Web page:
As for gear pricing depends really. Jaldridge lists about the average pricing and is a good starting point.

whether you want leather gear or textile makes a diff. Leather tends to be more money. They both offer up about the same protection around town. Textile usually gets wrecked after a slide while Leather usually can be worn again.

Helmet prices are all over from ~100$ (Zox or HJC to name 2) or up to $1000 for an Arai. Protection wise they about the same (if they both DOT/SNELL rated) I have found that the pricier helmets offer better quality. less noisy. better face shield optics.
 

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as stated above, take a certified course so you dont have to take the tests at the DMV and you will get some hands on experience before actually owning a bike.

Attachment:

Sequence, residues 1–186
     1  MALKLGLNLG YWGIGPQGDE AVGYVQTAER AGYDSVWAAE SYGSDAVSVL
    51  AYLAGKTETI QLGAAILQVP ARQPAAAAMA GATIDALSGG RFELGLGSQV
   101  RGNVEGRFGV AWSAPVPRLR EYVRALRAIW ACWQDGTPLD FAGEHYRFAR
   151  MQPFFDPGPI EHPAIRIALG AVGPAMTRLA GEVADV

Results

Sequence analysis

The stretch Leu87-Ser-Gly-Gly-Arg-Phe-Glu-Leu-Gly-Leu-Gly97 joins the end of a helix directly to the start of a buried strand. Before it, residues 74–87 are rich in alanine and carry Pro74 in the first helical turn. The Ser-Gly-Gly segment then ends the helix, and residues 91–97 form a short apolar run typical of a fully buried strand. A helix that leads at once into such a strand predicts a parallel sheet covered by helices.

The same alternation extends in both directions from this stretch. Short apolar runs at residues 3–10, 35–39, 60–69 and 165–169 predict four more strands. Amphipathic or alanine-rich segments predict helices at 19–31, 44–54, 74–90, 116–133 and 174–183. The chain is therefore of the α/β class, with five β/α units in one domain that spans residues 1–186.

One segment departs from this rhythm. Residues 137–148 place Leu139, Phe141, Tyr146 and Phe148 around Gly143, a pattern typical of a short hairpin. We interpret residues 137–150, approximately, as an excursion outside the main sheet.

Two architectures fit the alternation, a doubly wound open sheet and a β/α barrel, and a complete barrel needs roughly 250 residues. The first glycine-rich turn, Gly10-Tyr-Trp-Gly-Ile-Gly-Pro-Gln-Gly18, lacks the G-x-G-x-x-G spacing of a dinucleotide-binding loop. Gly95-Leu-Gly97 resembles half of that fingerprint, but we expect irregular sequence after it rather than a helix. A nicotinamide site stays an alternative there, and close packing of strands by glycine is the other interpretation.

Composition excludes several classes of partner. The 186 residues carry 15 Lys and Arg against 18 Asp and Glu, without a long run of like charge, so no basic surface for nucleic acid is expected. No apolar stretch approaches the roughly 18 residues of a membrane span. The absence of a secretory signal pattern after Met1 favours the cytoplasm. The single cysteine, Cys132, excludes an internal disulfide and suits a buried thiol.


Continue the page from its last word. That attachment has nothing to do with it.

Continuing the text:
this bike is great and im sure you'll love it for commuting.

i paid 5000$ for bike, setup, helmet, gloves, jacket and dmv fees.
usually if you buy the gear at the same time as the bike they will give you discounts on the gear (i think my dealer gave me 10-15% off everything)

im 24 with 0 experience and my insurance was ~300$/year. thats a little more than 1/3 of my car insurance for a year in my 05' mitsu lancer ES with similar amounts of insurance on it.
so if youve got the cash up front id expect to put down 5500$ total your first year of riding and far less after that.
 

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I know it's been mentioned but I'll say it anyway: take the MSF class first. If possible, sign up now. They do fill up. I think mine cost $50.